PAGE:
• Key words: Schisfocerca gregaria;
  • grasshopper;
  • femoral chordotonal organ;
  • central pattern generator;
  • jump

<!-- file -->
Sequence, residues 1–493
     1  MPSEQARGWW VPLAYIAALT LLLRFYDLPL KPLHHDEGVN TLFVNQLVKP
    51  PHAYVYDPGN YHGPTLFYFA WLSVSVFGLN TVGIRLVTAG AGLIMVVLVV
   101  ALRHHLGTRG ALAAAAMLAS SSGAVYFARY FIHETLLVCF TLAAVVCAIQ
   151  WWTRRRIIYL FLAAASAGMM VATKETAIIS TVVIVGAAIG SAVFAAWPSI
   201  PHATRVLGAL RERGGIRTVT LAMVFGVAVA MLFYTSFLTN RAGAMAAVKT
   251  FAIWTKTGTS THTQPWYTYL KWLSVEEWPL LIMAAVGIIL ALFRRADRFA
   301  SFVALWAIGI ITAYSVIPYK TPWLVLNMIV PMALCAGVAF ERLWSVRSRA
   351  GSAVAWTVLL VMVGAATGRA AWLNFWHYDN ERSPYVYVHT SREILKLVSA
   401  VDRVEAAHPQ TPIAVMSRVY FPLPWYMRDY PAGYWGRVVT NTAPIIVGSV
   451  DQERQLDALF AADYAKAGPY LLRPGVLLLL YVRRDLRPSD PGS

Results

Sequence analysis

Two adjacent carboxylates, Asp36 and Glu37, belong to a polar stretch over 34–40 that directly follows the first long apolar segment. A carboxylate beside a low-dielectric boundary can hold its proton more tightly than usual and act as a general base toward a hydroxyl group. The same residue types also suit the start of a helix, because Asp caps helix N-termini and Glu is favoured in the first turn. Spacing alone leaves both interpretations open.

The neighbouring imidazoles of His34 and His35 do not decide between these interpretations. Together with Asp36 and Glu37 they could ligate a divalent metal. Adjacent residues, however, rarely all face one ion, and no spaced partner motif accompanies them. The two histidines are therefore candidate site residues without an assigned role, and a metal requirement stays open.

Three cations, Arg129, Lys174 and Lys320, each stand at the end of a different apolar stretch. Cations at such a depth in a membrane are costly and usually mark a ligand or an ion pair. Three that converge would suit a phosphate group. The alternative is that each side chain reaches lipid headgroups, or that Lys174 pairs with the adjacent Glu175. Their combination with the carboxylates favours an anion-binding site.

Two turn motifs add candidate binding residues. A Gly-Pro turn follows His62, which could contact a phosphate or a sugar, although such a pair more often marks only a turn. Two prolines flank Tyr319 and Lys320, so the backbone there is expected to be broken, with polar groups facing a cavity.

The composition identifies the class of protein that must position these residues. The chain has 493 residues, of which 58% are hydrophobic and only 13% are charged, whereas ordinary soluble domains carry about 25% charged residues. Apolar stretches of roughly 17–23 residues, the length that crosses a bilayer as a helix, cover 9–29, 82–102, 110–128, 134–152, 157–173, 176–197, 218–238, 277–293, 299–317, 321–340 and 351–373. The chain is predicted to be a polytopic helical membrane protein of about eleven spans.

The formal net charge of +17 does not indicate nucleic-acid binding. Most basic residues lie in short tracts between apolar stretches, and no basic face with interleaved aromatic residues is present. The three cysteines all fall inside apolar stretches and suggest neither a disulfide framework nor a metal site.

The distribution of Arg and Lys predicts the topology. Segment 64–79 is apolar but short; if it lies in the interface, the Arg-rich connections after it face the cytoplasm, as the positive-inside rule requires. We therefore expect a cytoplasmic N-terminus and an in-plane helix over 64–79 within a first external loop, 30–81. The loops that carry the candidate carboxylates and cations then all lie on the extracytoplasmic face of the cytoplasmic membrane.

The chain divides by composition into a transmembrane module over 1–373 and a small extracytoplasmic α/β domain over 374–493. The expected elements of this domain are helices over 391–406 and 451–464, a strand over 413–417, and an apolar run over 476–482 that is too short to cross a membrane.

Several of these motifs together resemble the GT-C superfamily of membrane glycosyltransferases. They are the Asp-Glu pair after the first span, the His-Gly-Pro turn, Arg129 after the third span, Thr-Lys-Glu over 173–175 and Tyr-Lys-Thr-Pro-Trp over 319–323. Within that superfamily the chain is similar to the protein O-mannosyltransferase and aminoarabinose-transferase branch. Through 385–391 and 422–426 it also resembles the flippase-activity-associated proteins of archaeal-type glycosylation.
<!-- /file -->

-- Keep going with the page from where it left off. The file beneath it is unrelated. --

To jump and kick the locust uses a catapult mechanism implemented by a three-stage motor programme: initial flexion of the hind tibiae, co-activation of the antagonist flexor and extensor tibiae motor neurons and trigger inhibition of the flexor motorneurons. The transition from stage 1 to stage 2 thus involves a switch from the normal alternate activation to co-activation of the antagonist tibiae motorneurons. However, co-activation has never been observed when the central nervous system has been isolated from the leg. This led us to investigate the possibility that the transition from stage 1 to stage 2 is controlled by a proprioceptive signal. In the first set of experiments intracellular recordings were made in the flexor and extensor motorneurons while the position of the tendon of the femoral chordotonal organ (FCO), which signals tibial position and movement, was experimentally controlled. In these heavily dissected preparations, stretch of the FCO tendon (signalling tibial flexion) was a necessary condition for co-activation. However, in minimally dissected preparations (in which merely EMG recordings were made), we found that co-activation occurred even when the FCO was signalling tibial extension, suggesting the involvement of other proprioceptors. A series of experiments were then conducted on minimally dissected preparations to determine the relative contributions of each of the three main hind leg proprioceptors which might signal tibial flexion: the FCO, the lump receptor and Brünners organ. When all three proprioceptors were intact the chance of evoking co-activation was largest, when all three were eliminated co-activation could no longer be evoked, irrespective of the level of arousal. Various combinations of partial de-afferentation showed that the FCO plays the major role, with the lump receptor and Brünners organ playing significant, but progressively less important, roles. We conclude that the three receptors act together as a permissive proprioceptive gate for the kick and jump motor programme, but with a hierarchy of the strengths of their effectiveness.